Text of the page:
Patients with untreated chronic lymphocytic leukaemia given ibrutinib–venetoclax in a phase 3 study had significantly better four-year progression-free survival rates compared to those given chemoimmunotherapy, an analysis of long-term data shows.
Furthermore, the data demonstrated for the first time an overall survival advantage in patients given fixed-duration ibrutinib–venetoclax compared to those who received chlorambucil–obinutuzumab after four years’ follow-up, according to the paper published in The Lancet Oncology (link here).
“Ibrutinib–venetoclax provides long-lasting remission and is feasible for older patients or patients with comorbidities without TP53 mutations,” noted Dr Anna Fink from the University of Cologne in an accompanying editorial.
Results of the Phase 3 study (GLOW) led to ibrutinib–venetoclax combination therapy being approved for first-line treatment of CLL: after a median 27.7 months, the primary endpoint of PFS was significantly longer in the ibrutinib–venetoclax treatment group than in the chemoimmunotherapy chlorambucil–obinutuzumab group (p<0.001).
Now, an analysis of long-term follow-up data undertaken by GLOW investigators Dr Carsten Niemann from Copenhagen University Hospital and colleagues confirms the durability of the results: after a median 46 months’ follow-up, PFS remained superior in the ibrutinib–venetoclax group (hazard ratio [HR] 0.214, 95% CI 0.138–0.334; p<0·0001).
“Several key questions have arisen in the context of [ibrutinib–venetoclax] therapy, including the durability of remission achieved with the combination,” noted Dr Fink. “The [long-term] data presented by Dr Niemann and colleagues confirm the results of the primary endpoint analysis. The efficacy of the fixed-duration treatment remains robust.”
In the original GLOW study, investigators enrolled previously untreated CLL patients (with an Eastern Cooperative Oncology Group performance status of two or less) either aged at least 65 years, or 18-64 years with comorbidities rated at least six on a cumulative rating scale and/or creatinine clearance <70 mL/min. 106 patients were randomly assigned to combination therapy comprising the Bruton’s tyrosine kinase (BTK) inhibitor ibrutinib plus the B-cell lymphoma 2 (BCL-2) inhibitor venetoclax for 12 cycles, and 105 patients to chlorambucil–obinutuzumab for six cycles.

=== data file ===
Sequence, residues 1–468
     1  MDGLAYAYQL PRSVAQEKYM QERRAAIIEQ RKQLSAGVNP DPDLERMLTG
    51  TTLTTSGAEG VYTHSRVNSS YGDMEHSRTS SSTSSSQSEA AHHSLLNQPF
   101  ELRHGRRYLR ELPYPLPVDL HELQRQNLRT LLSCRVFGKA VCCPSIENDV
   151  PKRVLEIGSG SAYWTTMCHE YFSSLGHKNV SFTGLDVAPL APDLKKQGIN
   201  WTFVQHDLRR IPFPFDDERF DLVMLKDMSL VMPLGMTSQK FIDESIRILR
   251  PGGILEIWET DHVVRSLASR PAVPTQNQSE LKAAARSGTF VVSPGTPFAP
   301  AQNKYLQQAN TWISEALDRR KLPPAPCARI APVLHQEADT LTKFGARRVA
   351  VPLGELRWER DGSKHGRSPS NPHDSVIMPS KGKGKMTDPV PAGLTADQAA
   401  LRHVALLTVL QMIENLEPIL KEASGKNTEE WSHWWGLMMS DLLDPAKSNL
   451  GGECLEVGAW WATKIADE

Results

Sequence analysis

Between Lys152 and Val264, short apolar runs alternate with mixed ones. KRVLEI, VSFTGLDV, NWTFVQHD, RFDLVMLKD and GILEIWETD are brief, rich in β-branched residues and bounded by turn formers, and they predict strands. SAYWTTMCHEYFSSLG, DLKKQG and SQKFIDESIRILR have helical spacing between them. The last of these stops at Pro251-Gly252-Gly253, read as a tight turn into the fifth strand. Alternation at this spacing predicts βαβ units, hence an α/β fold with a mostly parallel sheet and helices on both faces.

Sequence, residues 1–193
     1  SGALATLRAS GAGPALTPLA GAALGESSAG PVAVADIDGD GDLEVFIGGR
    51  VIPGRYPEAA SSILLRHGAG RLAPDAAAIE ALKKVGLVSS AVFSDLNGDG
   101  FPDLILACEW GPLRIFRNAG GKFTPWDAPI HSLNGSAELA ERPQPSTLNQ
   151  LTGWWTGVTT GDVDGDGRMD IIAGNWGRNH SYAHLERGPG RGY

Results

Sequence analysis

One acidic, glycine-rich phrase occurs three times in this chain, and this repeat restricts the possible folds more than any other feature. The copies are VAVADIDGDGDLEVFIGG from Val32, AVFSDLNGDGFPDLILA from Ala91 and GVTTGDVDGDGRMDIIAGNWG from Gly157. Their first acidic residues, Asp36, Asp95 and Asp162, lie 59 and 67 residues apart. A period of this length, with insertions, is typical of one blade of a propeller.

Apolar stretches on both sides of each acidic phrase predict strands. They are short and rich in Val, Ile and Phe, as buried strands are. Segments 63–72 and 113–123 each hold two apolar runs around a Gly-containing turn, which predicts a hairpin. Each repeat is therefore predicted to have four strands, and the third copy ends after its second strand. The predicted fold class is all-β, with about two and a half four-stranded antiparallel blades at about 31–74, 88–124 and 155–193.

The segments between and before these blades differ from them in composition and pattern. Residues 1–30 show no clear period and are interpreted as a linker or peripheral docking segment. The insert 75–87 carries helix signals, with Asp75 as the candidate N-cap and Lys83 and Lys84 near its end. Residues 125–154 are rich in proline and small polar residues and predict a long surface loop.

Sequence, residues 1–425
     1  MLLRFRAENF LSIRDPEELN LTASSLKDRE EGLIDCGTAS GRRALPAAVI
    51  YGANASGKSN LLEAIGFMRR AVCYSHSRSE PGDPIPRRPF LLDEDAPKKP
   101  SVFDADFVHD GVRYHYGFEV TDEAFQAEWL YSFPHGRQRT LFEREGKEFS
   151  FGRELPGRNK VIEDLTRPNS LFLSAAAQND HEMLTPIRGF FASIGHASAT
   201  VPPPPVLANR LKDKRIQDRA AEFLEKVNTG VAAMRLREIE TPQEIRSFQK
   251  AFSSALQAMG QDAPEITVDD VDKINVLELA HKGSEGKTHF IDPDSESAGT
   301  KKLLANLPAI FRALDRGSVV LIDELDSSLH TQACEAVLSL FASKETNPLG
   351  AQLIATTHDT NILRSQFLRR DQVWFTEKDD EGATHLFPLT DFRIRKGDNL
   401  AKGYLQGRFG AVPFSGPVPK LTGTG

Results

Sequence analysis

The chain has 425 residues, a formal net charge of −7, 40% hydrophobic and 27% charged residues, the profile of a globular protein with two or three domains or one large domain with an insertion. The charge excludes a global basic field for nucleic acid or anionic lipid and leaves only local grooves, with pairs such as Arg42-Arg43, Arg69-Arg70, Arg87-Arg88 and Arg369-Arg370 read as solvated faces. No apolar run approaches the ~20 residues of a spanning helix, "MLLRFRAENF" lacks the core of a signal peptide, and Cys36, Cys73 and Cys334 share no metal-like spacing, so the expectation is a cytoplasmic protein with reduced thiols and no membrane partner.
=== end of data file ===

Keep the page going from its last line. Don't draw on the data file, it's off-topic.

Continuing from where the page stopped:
In the follow-up analysis, PFS rates at 42 months were 74.6% (95% CI 65.0–82.0) in the ibrutinib–venetoclax group and 24.8% (16.5–34.1) in the chlorambucil–obinutuzumab group.
The estimated 42-month overall survival rate was 87.5% (95% CI 79·4–92·5) for the ibrutinib–venetoclax group and 77.6% (68·2–84·5) for those taking chlorambucil–obinutuzumab group, the investigators noted.
Also of note, ibrutinib–venetoclax maintained MRD clearance in most patients through 2 years after treatment, with a 17 percentage-point fall from 3 months to 27 months post treatment.
“Although MRD clearance was better maintained after treatment for patients with mutated IGHV, on-treatment MRD clearance was more frequent and faster in patients with unmutated IGHV. As such, MRD kinetics varied for different molecular subgroups,” the authors noted.
To conclude, Dr Niemann and co-authors said their long-term analysis showed that “ibrutinib–venetoclax continued to significantly prolong PFS versus chemoimmunotherapy” and that the findings “supported the use of ibrutinib–venetoclax as a first-line option for patients with previously untreated CLL.”
Dr Fink also highlighted the need for “evidence that ibrutinib–venetoclax might yield an efficacy similar to other standard regimens, such as continuous treatment with BTK inhibitors alone, or in combination with obinutuzumab, or the combination of venetoclax and obinutuzumab.” However, she also acknowledged that “ibrutinib–venetoclax represents yet another milestone on the path towards personalised therapeutic approaches for patients with CLL.”
The study was funded by Janssen Research & Development and Pharmacyclics.